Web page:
Local content and skills development

Shell buys goods and services from local suppliers as part of our approach to share the benefits of oil and gas development with the wider economy.

We contribute to employment creation directly and indirectly: directly through the employment of company staff and the purchase of goods and services; indirectly through the employment, subcontracting and procurement activities of our contractor and suppliers, and through wider economic effects.

We buy goods and services from local suppliers that meet our standards as part of our approach to share the benefits of oil and gas development to the wider economy. In some cases, we support businesses in developing the skills required to meet these standards.

Our supplier principles integrate social considerations in the contracting and procurement processes. In 2017, we spent $42.2 billion on goods and services worldwide, of which around 58% was in the USA, Canada, the UK, the Netherlands and Nigeria. In 2017, we spent around $4.9 billion in countries that, according to the Human Development Index 2016, have a gross domestic product of less than $15,000 a year per person. In these countries, Shell companies spent 80% with local companies.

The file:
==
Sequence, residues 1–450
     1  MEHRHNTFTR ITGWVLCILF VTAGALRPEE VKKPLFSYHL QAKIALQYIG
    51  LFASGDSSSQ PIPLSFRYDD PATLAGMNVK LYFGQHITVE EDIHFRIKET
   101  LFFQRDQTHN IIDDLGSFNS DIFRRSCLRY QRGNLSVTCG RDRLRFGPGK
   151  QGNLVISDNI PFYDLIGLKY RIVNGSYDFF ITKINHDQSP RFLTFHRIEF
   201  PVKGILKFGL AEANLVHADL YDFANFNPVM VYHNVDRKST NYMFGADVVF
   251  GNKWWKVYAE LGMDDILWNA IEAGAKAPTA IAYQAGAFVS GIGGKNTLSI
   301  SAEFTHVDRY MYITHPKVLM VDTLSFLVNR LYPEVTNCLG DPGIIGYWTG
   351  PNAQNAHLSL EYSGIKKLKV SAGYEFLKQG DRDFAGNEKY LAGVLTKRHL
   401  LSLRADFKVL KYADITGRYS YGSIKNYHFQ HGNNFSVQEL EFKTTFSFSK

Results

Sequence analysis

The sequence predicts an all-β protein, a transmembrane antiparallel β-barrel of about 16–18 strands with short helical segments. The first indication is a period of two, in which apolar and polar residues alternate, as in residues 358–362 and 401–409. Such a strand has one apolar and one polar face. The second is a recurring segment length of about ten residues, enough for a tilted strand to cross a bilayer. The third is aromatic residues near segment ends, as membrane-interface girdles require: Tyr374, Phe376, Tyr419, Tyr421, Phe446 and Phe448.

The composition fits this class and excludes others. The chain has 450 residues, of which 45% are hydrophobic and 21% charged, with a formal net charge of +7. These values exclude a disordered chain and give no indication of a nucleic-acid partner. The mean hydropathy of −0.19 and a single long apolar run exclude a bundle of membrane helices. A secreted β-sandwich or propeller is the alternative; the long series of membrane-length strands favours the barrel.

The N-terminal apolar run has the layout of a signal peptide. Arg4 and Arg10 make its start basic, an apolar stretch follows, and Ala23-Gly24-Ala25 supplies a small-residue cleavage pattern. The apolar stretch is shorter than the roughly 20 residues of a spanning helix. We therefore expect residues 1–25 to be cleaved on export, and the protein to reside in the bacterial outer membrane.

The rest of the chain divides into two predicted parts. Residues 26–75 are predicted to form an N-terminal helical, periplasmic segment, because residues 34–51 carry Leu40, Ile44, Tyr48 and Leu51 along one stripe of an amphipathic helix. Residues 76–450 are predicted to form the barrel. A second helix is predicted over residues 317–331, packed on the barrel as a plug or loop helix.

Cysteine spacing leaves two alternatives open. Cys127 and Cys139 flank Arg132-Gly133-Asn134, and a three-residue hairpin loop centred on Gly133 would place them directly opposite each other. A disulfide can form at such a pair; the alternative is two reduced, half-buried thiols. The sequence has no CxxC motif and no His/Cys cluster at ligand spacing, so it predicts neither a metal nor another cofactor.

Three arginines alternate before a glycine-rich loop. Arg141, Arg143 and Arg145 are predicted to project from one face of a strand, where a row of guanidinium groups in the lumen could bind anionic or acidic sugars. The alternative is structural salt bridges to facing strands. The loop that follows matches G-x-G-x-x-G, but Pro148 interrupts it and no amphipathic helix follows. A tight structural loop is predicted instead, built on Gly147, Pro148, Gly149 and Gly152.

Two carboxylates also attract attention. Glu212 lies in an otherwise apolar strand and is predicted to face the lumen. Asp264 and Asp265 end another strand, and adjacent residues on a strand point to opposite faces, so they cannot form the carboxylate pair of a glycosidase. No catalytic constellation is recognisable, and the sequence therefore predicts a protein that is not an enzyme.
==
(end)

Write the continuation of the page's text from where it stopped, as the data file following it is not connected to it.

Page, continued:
In 2017, we worked with the Australian government on a development programme to support local suppliers to the Queensland Gas Company (QGC) (Shell-operated, majority interest) coal seam gas project. We provided 12 local suppliers with a dedicated business advisor to help them develop a customised improvement plan to grow and diversify their business. The Australian government matched our funding with AUD$20,000.